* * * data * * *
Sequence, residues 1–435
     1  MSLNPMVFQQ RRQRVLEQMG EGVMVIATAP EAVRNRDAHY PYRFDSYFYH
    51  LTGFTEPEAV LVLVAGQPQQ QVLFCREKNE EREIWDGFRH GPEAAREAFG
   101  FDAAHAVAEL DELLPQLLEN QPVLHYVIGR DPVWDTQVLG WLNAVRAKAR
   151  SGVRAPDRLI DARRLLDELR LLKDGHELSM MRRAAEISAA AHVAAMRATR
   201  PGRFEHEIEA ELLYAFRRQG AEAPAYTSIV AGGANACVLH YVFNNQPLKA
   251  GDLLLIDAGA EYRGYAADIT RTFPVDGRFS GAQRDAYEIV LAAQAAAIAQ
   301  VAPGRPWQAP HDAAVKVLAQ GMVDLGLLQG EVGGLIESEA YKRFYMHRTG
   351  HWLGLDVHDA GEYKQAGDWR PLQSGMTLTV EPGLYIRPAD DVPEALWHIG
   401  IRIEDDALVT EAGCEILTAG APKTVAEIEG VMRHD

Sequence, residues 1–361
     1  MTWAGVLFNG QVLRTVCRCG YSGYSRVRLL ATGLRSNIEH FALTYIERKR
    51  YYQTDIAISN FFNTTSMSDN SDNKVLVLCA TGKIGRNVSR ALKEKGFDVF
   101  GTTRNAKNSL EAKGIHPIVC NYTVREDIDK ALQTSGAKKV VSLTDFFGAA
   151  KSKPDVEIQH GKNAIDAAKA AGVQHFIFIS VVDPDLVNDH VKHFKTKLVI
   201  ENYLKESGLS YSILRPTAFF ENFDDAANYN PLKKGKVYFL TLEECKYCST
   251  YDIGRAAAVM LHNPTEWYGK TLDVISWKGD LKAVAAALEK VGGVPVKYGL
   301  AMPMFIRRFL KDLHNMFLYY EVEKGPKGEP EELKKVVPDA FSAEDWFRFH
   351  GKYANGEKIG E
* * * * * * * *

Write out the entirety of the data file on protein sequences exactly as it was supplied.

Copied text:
Sequence, residues 1–435
     1  MSLNPMVFQQ RRQRVLEQMG EGVMVIATAP EAVRNRDAHY PYRFDSYFYH
    51  LTGFTEPEAV LVLVAGQPQQ QVLFCREKNE EREIWDGFRH GPEAAREAFG
   101  FDAAHAVAEL DELLPQLLEN QPVLHYVIGR DPVWDTQVLG WLNAVRAKAR
   151  SGVRAPDRLI DARRLLDELR LLKDGHELSM MRRAAEISAA AHVAAMRATR
   201  PGRFEHEIEA ELLYAFRRQG AEAPAYTSIV AGGANACVLH YVFNNQPLKA
   251  GDLLLIDAGA EYRGYAADIT RTFPVDGRFS GAQRDAYEIV LAAQAAAIAQ
   301  VAPGRPWQAP HDAAVKVLAQ GMVDLGLLQG EVGGLIESEA YKRFYMHRTG
   351  HWLGLDVHDA GEYKQAGDWR PLQSGMTLTV EPGLYIRPAD DVPEALWHIG
   401  IRIEDDALVT EAGCEILTAG APKTVAEIEG VMRHD

Sequence, residues 1–361
     1  MTWAGVLFNG QVLRTVCRCG YSGYSRVRLL ATGLRSNIEH FALTYIERKR
    51  YYQTDIAISN FFNTTSMSDN SDNKVLVLCA TGKIGRNVSR ALKEKGFDVF
   101  GTTRNAKNSL EAKGIHPIVC NYTVREDIDK ALQTSGAKKV VSLTDFFGAA
   151  KSKPDVEIQH GKNAIDAAKA AGVQHFIFIS VVDPDLVNDH VKHFKTKLVI
   201  ENYLKESGLS YSILRPTAFF ENFDDAANYN PLKKGKVYFL TLEECKYCST
   251  YDIGRAAAVM LHNPTEWYGK TLDVISWKGD LKAVAAALEK VGGVPVKYGL
   301  AMPMFIRRFL KDLHNMFLYY EVEKGPKGEP EELKKVVPDA FSAEDWFRFH
   351  GKYANGEKIG E